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Smokin-Canuck
11-01-2012, 09:27 AM
OK so I'm faily new at BBQ and smoking. Last pork shoulder I did DW said perhaps a little too smokey for her liking. I can appreciate that "smokeiness" and a person's enjoyment of it in their food will vary person to person.

So I know this probably a real noob question but what is the best way/ways to regulate smoke flavour. My limited knowledge would be, type of wood e.g. mesquite vs. cherry, amount of time smoking vs. just cooking. What about temps??? Types of meat??? Any advice is appreciated, thanks.

jfletcher84
11-01-2012, 09:33 AM
For starters what type of wood did you use? Was it chips or chunks? What did you cook it on? and How much did you use? I like to Q with fruit woods. like cherry, peach, apple, or the like. If you dont want as much smoke flavor dont use as much wood.

Smokin-Canuck
11-01-2012, 09:44 AM
I used a few hanfulls of cherry chips over the 2 1/2 hours. Charcoal was all natural briquettes.

tatonka3a2
11-01-2012, 09:46 AM
Remember you are going for a thin blue smoke... if you have white clouds of smoke rolling out then you are over smoking! My rule of thumb when smoking; you should smell it, not see it!!

Smokin-Canuck
11-01-2012, 12:14 PM
Now that's a great tip thanks. There were some times when the smoke was heavy. How can I reduce this or focus on thin blue?

gtr
11-01-2012, 12:27 PM
You want a clean burn. Billowy white smoke is not good. As for woods, mesquite is very strong and you have to be careful with it - it has a great flavor when used in the right way. Hickory and Oak have a pretty strong flavor - these 2 are my favorites. The fruit woods are less dominant and very nice as well. I did a couple racks of spares on the UDS with some cherry chunks this weekend and the smoke flavor was fantastic.

MisterChrister
11-01-2012, 03:46 PM
Also, any "enhanced" or "solution added" words on the meat label means it already had some salt in it which can help multiply a hammy/over-smokey effect.

centexsmoker
11-01-2012, 03:54 PM
all very good advice above. Stick to fruit woods for now. Apple and pork go together like Tito's and Club Soda. just throw a chunk in for starters, then add another next time if you feel it's not enough. She will come around.

Love the line above that smoke should be smelled, not seen. That's the way I do it too. You can see it a little but it's bluish clear, not white.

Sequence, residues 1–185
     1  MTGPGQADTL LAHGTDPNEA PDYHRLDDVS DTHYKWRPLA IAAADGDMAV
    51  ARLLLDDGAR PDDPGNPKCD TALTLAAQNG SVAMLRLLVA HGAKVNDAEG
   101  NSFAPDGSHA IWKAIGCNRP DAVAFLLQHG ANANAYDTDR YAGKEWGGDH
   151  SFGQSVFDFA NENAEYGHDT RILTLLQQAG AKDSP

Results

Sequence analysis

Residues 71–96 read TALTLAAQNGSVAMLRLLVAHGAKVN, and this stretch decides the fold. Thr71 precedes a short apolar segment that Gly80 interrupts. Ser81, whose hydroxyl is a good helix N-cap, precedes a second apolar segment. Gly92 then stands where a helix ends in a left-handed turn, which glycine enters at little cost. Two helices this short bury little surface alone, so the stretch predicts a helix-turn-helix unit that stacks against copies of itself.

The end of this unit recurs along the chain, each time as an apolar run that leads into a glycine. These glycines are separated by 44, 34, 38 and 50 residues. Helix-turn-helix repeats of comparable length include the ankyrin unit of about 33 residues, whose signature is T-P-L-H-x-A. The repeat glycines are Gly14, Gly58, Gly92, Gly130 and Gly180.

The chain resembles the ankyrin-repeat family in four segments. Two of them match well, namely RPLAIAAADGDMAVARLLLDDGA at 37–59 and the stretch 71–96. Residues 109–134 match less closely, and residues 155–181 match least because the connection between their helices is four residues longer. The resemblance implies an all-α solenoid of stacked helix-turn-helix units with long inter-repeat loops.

Foxfire
11-01-2012, 04:04 PM
I prefer lighter smoke as well, here's a few of my observations --

- Pecan often has a lighter flavor, so another good one to experiment with
- Poultry tends to suck up smoke compared to pork or beef so use very sparingly
- Consider your airflow. In a kettle, closing down the top vents may well smoke around the food longer before it vents away. I try to regulate temps with bottom vents first, only going to the top if I have to.

landarc
11-01-2012, 04:16 PM
I think we can offer you more specific help if you can tell us what you are cooking on and how you ran your cook. That being said, the first thing to learn is fire control. You want to work on getting a clean fire, just large enough to get the heat level you want.

Most of us believe in controlling heat by controlling the intake of air to the fuel and fire. That means, the exhaust, or top vent are run wide open, the bottom vent is used to restrict air to the fire. If you close the vent, you are trapping smoke and snuffing your fire, creating creosote and forcing stale smoke onto the meat. This does vary a little based on cookers though.

If you used wood chips, and still got too smoky, I have to believe you had a poorly burning fire, as a clean fire will burn the chips up. It is very unusual for a clean fire to smoke at all with chips. By the way, you didn't soak those chips did you? Most smokers do not like wet wood in the fire chamber.

I like to let my fire 'settle' for an hour before putting on meat. I use chunks and not chips and it takes that long for the smoke to almost disappear from my smoker.